1. The question raised in this appeal is as to the true construction of a document dated the 26th Jaistha, 1308 B.E. The Courts below differed in construing the document, the Court of first instance holding that it was a mortgage by way of conditional sale, and She lower appellate Court being of opinion that it was a deed of out and out sale. The document runs in these words: ' I have been in the ownership and possession of land fit for erection of shops by right of nay purchase within the boundaries mentioned below situated in the line to the north of the road facing westward in Bander Bazar Chak. Now for my own necessity, on receipt from you Rs. 400 in cash as the price of that shop land, I sell to you the same and I and my descendants cease to have right therein. You from this day being in ownership and possession in these lands, continue to enjoy the same with the rights of transfer by gift and sale, etc. I and my successors cease to have any right thereto I make over my kobala of purchase dated the 11th Sravan, 1287. Moreover, when I or my heirs would return the purchase price to you and your heirs, you shall give up the properties. And I shall get this kobala registered within the period of limitation.' There is a further stipulation in the document which runs in these words: ' Moreover if I Pay you back the said price of Rs. 400 then you will without any objection give up the lands sold and return the connected deeds, etc. I shall seek the protection of Court if you do not return the same.' In construing the document in the present case it should be remembered that the transaction was between parties who were Muhammadans and it is well known that documents are executed by Muhammadans in which they conceal, or at least try to conceal, the real nature of the transaction and attempts to make out that the transaction is an out and out sale, although as a matter of fact, the intention of the parties was to create a mortgage. The learned Subordinate Judge was of opinion that the deed was one of out and out sale. He relied upon certain pieces of evidence which is evidence relating to the subsequent; conduct of the parties themselves as showing their intention. This evidence has been laid down by the Judicial Committee in the case of Maung Kyin v. Ma Shwe La A.I.R. 1917 P.C. 207 as not admissible in a case where no third parties are involved or no question of fraud arises. In order to construe the document intrinsic evidence afforded by the terms of the document has to be taken into consideration, and the Court has also to take into consideration the facts which may legitimately be proved with a view to showing in what manner the language of the document was related to the existing facts and may also refer to the contrast between the value of the property and the consideration that passed in money. Those principles have been laid down by this Court in the case of Abdul Goffur v. Sheik Jamal  18 C.L.J. 228 and also by the Judicial Committee in the very recent case of Raja Narasingerji v. Raja Panuganti A.I.R. 1924 P.C. 226.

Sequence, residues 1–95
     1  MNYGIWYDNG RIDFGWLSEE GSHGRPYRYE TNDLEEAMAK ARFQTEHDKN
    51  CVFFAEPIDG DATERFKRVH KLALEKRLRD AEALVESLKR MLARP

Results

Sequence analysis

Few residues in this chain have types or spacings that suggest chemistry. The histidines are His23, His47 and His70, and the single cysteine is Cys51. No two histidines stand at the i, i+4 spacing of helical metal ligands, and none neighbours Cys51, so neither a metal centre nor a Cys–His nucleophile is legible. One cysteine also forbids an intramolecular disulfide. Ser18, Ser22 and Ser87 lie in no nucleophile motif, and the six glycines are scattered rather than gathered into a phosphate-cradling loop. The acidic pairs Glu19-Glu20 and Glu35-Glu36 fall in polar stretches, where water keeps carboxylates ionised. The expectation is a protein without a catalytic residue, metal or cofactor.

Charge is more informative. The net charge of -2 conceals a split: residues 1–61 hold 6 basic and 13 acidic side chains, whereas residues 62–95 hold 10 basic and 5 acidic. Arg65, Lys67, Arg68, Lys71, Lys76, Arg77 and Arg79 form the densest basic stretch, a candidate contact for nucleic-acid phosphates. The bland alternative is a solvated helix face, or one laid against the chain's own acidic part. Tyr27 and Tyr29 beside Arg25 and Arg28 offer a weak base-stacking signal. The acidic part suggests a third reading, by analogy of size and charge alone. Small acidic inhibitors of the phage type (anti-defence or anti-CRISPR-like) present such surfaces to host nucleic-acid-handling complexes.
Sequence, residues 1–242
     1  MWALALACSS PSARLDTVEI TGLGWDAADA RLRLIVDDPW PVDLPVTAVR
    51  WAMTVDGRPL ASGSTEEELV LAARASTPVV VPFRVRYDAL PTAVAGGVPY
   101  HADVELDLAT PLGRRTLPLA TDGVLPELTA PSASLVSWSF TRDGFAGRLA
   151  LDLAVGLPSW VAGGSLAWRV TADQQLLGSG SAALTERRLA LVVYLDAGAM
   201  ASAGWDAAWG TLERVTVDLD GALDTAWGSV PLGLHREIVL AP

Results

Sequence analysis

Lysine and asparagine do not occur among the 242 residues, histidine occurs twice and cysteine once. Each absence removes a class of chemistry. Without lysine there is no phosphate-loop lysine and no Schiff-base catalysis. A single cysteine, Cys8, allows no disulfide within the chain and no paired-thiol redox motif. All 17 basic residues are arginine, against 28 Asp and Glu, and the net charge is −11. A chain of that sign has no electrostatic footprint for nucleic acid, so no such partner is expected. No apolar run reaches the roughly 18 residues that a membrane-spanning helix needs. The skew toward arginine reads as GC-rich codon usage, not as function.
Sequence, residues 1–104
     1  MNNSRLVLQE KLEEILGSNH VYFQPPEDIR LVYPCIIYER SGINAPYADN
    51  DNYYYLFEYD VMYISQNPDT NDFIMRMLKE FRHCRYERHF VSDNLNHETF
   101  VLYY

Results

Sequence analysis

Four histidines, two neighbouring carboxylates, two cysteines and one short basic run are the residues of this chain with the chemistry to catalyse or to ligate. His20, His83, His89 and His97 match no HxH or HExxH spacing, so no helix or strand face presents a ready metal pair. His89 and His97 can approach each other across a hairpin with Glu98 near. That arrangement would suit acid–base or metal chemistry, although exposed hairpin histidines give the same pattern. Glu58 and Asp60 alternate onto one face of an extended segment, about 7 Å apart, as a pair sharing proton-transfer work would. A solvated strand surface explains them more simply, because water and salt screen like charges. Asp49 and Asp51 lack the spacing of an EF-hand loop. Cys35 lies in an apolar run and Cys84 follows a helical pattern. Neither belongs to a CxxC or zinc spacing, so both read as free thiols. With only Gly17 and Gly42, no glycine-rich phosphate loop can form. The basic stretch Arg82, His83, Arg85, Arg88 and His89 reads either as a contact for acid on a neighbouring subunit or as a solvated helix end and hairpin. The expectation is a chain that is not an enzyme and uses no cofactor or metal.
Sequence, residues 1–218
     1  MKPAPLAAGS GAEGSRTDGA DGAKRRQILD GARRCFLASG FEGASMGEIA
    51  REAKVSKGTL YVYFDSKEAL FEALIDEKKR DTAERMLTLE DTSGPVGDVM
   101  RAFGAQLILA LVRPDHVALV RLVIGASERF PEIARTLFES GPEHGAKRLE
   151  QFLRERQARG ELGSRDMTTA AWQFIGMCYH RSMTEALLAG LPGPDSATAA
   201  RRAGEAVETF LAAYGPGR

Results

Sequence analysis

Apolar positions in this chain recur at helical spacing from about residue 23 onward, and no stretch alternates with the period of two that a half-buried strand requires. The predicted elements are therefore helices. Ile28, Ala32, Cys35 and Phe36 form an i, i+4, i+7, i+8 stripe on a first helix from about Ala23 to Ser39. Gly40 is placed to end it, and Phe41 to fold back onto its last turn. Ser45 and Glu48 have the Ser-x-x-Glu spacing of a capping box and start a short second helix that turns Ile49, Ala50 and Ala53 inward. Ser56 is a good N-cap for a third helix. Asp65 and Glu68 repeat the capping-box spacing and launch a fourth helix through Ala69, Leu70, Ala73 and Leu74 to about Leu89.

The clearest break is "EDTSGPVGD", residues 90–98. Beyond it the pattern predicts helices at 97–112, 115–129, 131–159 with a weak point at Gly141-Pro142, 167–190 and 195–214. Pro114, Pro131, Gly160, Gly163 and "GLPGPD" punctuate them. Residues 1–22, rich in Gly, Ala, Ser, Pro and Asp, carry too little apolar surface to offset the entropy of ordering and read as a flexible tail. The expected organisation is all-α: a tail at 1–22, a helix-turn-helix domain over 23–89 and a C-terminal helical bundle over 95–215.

2. So far as the first of these elements is concerned, namely, the adequacy or other wise of the consideration of the transaction there is no discussion of it in the judgment of the learned Subordinate Judge, while in the judgment of the learned Munsiff it appears that the consideration mentioned in the document was Rs. 400; whereas the executant of the document had purchased it for Rs. 600 long before the data of the document in question. This clearly shows that the consideration was wholly inadequate. It was certainly one of the matters to be taken into consideration in determining the real character of the documents. The learned Subordinate Judge in dealing with this question has referred to the decision of this Court in the case of Kamini Kumar Chowdury v. Latifunnessa Chowdhurani  24 C.W.N. 176 (Notes). That decision affords us very little assistance inasmuch as we are not in a position to know exactly what the terms of the document in that case were.